Many major cities around the world have set up live webcams so people can see what the city currently looks like without actually being there. One designer from the United Kingdom is taking this notion one step further by adding a hearing sensory to help visitors not only get a glimpse of new places, but also the sounds.
Developed by Nicola Hume, a product design graduate from the University of Dundee, Listen Here is a concept map that contains red dots where microphones are located. Visitors can hover the stethoscope-shaped RFID reader over different areas to hear what those parts of the cities currently sound like. The concept would require help from locals who would be willing to place microphones at various locations to help transmit data to a central map. Listen Here aims to make virtual tourism a more complete experience even when visitors can’t make it to faraway places.
“With the aim of preserving cultural diversity, it lets travellers see more than typical, commercial tourist attractions,” Hume writes on the official Listen Here design page. “Listen Here entices them to stray from the beaten track and learn about real, local life.”
The microphones that locals would use contain their own bike locks and corresponding keys — though we’re not so sure this is the most secure way to keep the microphone in place. We also wonder where people would place the microphones and what exactly we would hear. Certainly in a place like New York City there would just be a lot of traffic noise, and a strategic placement in a park could also result in unintended eavesdropping which would make it illegal in some American states. The microphones should also be placed in a spot where frequency isn’t too high, unreachable enough to not get tampered with, but can still deliver the kind of sound that accurately represents the area of the city.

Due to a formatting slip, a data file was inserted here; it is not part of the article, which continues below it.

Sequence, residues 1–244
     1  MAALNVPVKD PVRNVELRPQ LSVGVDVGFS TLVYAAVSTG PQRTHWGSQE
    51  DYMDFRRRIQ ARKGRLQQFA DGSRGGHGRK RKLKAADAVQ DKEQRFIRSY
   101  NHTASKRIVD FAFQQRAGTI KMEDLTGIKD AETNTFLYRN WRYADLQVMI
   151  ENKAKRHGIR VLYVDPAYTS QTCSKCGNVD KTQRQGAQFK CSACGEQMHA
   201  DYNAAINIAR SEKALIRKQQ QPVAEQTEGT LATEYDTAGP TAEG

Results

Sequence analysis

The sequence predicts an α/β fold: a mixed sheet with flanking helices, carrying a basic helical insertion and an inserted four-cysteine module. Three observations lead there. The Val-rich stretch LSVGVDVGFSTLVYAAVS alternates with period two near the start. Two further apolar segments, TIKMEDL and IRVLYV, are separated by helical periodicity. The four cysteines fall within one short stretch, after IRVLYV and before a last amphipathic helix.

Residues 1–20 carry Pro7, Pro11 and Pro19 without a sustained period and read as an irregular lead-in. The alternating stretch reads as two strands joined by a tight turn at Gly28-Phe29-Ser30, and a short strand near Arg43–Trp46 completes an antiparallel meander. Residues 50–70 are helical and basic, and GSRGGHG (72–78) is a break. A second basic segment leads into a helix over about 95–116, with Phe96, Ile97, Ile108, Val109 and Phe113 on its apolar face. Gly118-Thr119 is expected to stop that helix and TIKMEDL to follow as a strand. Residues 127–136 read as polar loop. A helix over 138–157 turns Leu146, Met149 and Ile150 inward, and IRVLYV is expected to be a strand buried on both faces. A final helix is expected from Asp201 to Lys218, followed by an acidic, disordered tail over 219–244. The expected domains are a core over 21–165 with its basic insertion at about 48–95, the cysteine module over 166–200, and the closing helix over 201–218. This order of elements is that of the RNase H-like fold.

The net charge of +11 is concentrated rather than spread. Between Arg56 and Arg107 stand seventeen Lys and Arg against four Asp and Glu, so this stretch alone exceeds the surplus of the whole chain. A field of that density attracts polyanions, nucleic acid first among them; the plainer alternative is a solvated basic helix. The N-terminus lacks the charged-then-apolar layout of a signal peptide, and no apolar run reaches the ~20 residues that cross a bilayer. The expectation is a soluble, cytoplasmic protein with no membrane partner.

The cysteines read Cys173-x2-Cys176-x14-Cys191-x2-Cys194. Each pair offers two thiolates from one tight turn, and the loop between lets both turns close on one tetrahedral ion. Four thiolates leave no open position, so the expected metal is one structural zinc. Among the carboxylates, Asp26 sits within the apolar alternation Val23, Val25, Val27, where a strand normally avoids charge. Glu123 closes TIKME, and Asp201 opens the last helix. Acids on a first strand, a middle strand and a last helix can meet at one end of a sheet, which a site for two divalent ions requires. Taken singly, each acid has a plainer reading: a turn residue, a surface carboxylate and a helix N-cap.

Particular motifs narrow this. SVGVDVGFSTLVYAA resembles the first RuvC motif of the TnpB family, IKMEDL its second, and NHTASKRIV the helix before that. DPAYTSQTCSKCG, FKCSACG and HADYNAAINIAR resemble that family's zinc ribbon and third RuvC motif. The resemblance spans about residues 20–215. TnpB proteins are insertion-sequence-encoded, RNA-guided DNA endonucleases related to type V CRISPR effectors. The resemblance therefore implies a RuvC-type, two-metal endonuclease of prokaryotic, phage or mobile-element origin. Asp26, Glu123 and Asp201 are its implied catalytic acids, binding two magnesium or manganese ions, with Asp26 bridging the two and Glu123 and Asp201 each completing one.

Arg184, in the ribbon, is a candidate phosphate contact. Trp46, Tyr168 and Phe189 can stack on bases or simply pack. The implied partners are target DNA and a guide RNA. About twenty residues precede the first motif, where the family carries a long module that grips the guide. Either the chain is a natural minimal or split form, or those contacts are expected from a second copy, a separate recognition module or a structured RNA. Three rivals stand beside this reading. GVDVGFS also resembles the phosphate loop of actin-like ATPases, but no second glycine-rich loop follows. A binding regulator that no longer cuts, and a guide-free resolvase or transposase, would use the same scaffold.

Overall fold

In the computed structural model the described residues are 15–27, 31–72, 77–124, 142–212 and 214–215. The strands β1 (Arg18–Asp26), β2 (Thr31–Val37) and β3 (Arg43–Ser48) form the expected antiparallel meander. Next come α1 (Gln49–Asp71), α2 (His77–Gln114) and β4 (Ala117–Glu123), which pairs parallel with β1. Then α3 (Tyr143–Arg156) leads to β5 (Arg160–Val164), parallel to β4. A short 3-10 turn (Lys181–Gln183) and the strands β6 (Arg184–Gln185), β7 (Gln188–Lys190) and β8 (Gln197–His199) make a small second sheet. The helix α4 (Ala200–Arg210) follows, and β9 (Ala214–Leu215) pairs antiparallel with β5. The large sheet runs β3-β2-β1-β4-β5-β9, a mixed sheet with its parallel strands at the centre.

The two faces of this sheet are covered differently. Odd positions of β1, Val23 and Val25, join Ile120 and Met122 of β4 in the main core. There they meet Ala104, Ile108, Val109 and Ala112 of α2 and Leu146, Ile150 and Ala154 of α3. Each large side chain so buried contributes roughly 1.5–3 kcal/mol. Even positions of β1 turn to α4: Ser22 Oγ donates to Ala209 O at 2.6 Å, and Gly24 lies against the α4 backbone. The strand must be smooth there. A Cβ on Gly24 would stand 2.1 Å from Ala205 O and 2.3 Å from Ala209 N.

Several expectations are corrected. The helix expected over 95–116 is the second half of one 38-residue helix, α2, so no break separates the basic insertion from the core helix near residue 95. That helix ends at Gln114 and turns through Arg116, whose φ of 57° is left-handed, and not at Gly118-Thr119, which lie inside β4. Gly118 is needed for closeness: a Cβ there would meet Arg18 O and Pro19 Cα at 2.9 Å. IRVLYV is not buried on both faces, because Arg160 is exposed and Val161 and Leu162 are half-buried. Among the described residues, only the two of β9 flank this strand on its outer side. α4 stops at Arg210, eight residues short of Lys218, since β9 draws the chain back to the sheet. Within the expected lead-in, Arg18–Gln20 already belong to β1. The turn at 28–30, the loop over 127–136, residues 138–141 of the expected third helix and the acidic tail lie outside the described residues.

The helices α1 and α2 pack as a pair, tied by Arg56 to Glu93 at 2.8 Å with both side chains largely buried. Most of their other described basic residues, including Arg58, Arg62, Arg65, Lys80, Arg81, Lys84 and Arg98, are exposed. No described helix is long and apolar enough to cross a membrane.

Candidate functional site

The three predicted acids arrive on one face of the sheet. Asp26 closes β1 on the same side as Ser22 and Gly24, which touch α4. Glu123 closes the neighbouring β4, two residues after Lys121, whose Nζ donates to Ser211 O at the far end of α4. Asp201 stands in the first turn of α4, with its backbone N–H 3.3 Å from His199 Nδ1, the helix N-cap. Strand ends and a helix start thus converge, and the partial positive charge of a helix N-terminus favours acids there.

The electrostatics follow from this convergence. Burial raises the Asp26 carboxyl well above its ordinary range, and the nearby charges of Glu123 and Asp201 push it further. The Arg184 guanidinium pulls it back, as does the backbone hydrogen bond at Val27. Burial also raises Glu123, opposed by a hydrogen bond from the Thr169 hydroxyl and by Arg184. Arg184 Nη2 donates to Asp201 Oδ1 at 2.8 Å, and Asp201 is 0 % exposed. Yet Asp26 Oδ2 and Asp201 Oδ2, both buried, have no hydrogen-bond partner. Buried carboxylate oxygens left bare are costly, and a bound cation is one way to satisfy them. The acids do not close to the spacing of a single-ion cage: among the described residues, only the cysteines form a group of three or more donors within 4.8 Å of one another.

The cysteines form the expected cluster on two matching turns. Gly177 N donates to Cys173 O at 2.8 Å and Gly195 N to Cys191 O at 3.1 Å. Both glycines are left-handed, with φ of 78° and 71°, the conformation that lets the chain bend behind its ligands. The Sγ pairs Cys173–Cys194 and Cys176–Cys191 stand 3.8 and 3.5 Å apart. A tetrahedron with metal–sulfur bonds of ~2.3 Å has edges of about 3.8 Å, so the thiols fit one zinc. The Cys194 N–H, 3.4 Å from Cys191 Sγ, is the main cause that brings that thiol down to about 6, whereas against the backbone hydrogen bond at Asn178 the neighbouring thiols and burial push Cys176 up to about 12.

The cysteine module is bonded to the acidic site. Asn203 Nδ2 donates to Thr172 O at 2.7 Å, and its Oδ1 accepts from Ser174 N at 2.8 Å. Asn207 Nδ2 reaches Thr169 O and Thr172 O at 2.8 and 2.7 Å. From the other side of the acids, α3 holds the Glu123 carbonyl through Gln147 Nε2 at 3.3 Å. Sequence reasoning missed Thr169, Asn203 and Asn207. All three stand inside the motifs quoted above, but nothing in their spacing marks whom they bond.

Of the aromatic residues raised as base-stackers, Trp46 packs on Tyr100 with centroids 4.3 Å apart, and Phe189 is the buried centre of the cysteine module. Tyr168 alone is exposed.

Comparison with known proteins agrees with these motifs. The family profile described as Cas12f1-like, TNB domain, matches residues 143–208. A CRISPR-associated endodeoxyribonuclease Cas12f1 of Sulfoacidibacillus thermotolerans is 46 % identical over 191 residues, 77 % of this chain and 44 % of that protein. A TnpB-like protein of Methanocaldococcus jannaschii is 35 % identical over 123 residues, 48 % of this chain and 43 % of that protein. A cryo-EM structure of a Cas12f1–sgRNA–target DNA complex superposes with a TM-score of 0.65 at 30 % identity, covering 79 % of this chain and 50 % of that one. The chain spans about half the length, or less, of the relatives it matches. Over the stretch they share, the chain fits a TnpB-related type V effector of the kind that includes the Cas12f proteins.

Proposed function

With the concept still ripe with concerns, it is unknown if or when Listen Here will come to life. It’s certainly a better match for cities with more ambient sounds that louder metropolises. What do you think about a live audio feed of the city? Would you be inclined to listen in on places around the world, or do sights from webcams suffice?
A lot to wonder, but in the meantime, check out the video of how a someone would install a microphone and use the Listen Here map.
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